Breakfast Memories

Brace yourself, people. Last night, I was spending a rare moment in front of the telly when what would flash before my dazed eyes but the music video of Paula Abdul singing Rush, Rush and prancing around an extremely-dopey-looking-even-for-him Keanu Reeves. Sorry, Keanu fans; if it's any consolation, at the time this video came out, I was about 12 and had a mondo crush on Mr. Reeves myself. But the whole thing--Paula crooning and prancing, Keanu flipping his floppy hair about and sounding very circa Bill and Ted's Excellent Adventure--was too much, and now I'm totally in...a nostalgic mood. Ack, and I can't fight this feeling anymore!

When one is caught up in nostalgia, one's thoughts naturally turn to breakfast. After all, I only ever ate it at the correct hour (i.e., in the morning) when I was a child. I'm rather swamped with disbelief when I consider that there was a time I would wake up without the aid of an alarm clock. Morning would approximately arrive, my eyes would magically pop open, and I'd be able to get out of bed at 6 or 7am without any feeling of pain or reluctance.

One reason I loved early mornings when I was young was that I'd have the whole house to myself, while the rest of my noisy family continued to slumber. It would be just me, my breakfast, and a goodly number of hours of uninterrupted cartoon time. Heaven.

As an added bonus, my mom didn't seem to care what I fed myself when I got up. Oh, sure, she had her own stern rules regarding dinner: good girls drink soup (my mother's people believe soup should have its own category in the food guide pyramid) and good girls eat lots of leafy green vegetables. However, breakfast was a freer time when girls, good and bad, could eat as they pleased, most likely cause mom was too tired to keep track. It was possibly the greatest thing about growing up in my house. I could nibble slowly on giant puff marshmallows interspersed with sips of milk, savoring the whole white-on-white scheme; I could scarf down countless Eggo Waffles so supersaturated with syrup the synonym that came to mind when one took a bite was "juicy"--the trick was to toast the waffles well enough that when you filled each hollow square to the brim with syrup, the waffles would hungrily suck up all the syrup like a sponge and require at least two or more refills; or I could microwave frozen mini chicken pies, as opposed to baking them, so that the crust would be all white and soggy...mmmm.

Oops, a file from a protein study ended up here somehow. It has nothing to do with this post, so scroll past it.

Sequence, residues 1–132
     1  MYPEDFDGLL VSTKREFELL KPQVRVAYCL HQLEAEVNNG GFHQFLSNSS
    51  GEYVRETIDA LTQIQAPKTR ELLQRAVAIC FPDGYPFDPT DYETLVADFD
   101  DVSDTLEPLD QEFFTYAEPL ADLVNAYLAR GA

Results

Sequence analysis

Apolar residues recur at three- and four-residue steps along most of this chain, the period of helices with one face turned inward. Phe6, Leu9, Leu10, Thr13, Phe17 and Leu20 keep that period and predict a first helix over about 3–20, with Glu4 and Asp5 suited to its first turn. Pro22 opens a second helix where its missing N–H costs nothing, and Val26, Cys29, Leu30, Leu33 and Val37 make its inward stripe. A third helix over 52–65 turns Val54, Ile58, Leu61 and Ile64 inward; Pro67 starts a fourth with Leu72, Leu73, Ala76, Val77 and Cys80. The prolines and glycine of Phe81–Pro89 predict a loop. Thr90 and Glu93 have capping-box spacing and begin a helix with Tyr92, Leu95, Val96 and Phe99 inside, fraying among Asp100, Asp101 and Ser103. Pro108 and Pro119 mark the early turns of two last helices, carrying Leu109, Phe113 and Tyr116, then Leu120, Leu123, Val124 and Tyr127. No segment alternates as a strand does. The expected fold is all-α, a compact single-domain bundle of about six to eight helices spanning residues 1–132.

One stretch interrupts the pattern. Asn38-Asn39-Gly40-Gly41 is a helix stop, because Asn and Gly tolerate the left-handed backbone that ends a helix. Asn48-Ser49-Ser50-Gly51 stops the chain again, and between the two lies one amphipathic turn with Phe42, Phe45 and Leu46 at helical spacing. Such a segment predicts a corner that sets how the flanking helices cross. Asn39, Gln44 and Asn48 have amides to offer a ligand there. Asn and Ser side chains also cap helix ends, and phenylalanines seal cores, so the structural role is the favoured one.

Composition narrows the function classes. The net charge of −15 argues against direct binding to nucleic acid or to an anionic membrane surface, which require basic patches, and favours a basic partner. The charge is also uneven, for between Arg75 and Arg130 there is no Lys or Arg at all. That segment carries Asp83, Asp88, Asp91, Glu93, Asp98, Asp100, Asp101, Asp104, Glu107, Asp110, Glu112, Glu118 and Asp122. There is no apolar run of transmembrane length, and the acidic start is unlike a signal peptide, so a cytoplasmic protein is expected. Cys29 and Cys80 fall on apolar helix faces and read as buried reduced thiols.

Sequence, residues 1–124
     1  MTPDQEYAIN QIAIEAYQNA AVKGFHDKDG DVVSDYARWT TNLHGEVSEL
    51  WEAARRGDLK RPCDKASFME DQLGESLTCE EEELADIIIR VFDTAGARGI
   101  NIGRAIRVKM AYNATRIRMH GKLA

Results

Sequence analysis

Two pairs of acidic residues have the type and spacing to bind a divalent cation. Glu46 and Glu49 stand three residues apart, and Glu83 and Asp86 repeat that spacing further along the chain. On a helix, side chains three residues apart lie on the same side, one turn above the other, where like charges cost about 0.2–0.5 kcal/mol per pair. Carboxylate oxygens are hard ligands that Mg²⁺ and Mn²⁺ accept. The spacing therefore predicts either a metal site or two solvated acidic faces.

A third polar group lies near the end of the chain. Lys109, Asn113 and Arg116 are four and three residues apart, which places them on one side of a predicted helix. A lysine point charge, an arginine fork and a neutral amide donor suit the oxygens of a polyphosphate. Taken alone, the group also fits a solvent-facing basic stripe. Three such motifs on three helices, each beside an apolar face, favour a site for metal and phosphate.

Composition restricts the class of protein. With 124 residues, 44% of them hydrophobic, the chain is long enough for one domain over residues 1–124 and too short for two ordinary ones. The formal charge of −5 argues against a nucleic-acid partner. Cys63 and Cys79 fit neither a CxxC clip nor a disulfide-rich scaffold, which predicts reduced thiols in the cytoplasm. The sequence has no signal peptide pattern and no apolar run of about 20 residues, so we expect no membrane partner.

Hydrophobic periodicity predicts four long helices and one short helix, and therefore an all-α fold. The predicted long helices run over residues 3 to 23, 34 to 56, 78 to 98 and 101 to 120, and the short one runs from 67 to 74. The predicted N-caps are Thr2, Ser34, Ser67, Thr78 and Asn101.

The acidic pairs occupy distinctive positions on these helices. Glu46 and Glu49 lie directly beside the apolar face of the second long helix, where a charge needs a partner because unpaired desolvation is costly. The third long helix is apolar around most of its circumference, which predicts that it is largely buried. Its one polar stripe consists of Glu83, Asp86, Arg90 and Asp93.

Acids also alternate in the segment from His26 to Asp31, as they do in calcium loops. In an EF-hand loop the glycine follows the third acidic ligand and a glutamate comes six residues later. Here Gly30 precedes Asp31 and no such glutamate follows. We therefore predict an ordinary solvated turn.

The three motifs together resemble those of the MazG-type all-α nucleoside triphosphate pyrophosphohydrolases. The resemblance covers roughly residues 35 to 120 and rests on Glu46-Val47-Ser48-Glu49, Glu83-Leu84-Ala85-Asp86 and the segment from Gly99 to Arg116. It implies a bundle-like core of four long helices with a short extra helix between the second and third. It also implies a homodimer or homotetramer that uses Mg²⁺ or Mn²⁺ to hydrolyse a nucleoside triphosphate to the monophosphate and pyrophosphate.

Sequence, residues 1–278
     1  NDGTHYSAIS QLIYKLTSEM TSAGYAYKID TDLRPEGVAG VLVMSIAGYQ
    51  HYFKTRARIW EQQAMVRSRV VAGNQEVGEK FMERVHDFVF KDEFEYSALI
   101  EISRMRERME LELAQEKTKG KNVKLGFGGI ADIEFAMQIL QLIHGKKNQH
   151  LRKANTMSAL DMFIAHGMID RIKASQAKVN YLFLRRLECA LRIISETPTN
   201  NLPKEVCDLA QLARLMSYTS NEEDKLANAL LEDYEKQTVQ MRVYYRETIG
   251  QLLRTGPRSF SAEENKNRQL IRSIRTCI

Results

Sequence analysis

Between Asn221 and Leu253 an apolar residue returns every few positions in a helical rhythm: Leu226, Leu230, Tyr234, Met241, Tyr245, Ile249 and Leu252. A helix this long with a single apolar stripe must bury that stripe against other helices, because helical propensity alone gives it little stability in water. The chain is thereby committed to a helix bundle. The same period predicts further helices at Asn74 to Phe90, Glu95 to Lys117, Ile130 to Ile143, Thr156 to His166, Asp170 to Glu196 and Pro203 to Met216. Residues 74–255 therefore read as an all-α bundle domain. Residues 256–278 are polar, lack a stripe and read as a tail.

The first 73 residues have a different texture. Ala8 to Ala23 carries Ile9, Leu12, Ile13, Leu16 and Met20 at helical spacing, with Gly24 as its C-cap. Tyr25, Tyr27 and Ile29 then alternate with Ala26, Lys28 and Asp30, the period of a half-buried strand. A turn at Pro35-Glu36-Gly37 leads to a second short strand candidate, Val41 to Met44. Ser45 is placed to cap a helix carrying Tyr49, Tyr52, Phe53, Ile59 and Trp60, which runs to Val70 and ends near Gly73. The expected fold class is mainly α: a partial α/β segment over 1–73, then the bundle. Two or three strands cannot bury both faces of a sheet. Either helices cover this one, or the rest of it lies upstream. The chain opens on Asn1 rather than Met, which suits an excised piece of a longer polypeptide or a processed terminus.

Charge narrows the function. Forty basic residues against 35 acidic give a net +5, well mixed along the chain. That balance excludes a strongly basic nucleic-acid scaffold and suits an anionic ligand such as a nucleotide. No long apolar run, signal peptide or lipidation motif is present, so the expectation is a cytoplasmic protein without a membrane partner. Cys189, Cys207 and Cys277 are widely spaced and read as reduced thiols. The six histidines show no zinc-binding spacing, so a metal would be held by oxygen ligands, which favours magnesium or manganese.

During those early years of morning concoctions, I learned some valuable lessons, and as always, I am more than happy to share my bounty of knowledge with all of you:
  • Although melted cheese works quite nicely, liver pate is not a good topping for waffles; in fact, I might even be moved to use such harsh words as nauseating and inedible.
  • Pizza Pops contain mechanically separated chicken (or at least they used to).
  • There is actually a limit to how much extra chocolate one might melt in one's hot cocoa (disappointed by the anemic quality of Swiss Miss, I'd sought to create a darker, more chocolatey beverage, but soon became a tad overenthusiastic in my endeavor). The chocolate gets all sludgelike and clumps together at the bottom of the mug, while unsavory bubbles of oil rise to the surface.
  • In Canada, "Bombay toast" is called "French toast!"

Perhaps you're thinking my mother let us kids run a bit amok, but I assure you she simply knew how to choose her battles, channeling her energy toward the areas she felt were really important, sometimes with the aid of a cane as backup. Not to fret--no revelations of child abuse here. But from what I can tell, it is a fact of life that Asian parents beat their children. Or at least they did when I was a kid. And in Singapore, the weapon disciplinary tool of choice was the cane--a long, polished (wouldn't want it splintering--yow) bamboo pole, which struck fear into the hearts, and welts into the buttocks, of many children.

In our house, there was an ominous umbrella stand in the coat closet filled with an assortment of canes that rattled happily against each other when jostled. The fatter ones could do more damage but the slender, more flexible canes whistled terrifyingly when rapidly whipped through the air.

We kids would often gather round to compare notes, and I assure you I was the object of no small amount of derision because mommy had only really whaled me once: I'd been six or seven and stubbornly objecting to the idea of doning a dress. I think I'd been a bit of a brat, and the confrontation with the dress finally drove mom over the edge. I recall bellowing like a deranged cow during the ordeal, not from the pain--though of course it hurt--so much as from the utter indignity of being beaten with a stick. I don't remember what happened after, but I'm quite sure I wore the dress.

I in fact had it extremely easy. My brothers, who were a little more mischievous, suffered far worse. And I have plenty of friends with downright chilling stories of their parents' own brand of punishment. Yet we've all since grown up to be fairly normal human beings, I guess. Heh.